Utah’s Early Childhood Integrated Data System

States have many early childhood programs, services and data systems. Systems that bring together data from multiple sources through collection, integration, maintenance, storage, and reporting are called Early Childhood Integrated Data Systems. Integrated data systems have become increasingly important as states look to understand how to best support young children and their families to yield lifelong success in the areas of health, well-being, learning, relationships and employment.

Utah’s Early Childhood Integrated Data System (ECIDS, pronounced E-Kids) is a data system which integrates early care and education data from participating agencies and programs providing services to families with young children. ECIDS helps to identify and evaluate long-term outcomes attributed to early childhood investments. Utah’s ECIDS is hosted by the Utah Department of Health and Human Services (DHHS).

ECIDS has been designed to assist early childhood programs and stakeholders to meet the following objectives:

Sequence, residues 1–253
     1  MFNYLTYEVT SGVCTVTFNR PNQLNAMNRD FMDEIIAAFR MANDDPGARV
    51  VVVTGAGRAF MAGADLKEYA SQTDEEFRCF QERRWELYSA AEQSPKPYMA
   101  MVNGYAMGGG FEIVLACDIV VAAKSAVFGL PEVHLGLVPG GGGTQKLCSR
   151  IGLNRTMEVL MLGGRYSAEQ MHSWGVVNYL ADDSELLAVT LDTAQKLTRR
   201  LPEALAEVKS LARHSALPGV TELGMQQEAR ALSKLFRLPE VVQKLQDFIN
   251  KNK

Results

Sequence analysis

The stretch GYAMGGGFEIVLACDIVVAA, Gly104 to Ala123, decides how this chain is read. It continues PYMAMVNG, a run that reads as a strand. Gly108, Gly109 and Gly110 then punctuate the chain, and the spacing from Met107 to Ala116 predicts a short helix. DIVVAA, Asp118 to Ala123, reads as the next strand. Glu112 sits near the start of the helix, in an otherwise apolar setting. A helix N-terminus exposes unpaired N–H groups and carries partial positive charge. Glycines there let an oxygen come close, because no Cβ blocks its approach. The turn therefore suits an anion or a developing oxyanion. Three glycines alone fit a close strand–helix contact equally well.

ECIDS Objectives

  1. Evaluate long term health & education outcomes for children who participated in early care and education programs (ECE).
  2. Improve child outcomes and the quality of ECE programs by promoting data driven decisions.
  3. Answer key policy questions regarding ECE programs and services.
  4. Provide data that is timely, relevant, accessible and easy to use.
  5. Improve the ability of agencies to participate in funding opportunities that require data on children, ECE professionals and ECE programs.

Early childhood programs and stakeholders will use integrated data to address six broad policy questions:

ECIDS Policy Questions

  1. Do families have access to the resources they need to raise healthy children?
  2. Do families have access to the resources they need to prepare young children to succeed in school?
  3. Which children and families in need, are/are not being served by early childhood services and programs?
  4. Which characteristics of various early childhood programs are associated with positive outcomes for which children?
  5. What are the educational and economic returns on early childhood investments?
  6. How is early childhood data currently being utilized and how will data be utilized in the future to inform policy and resource decisions?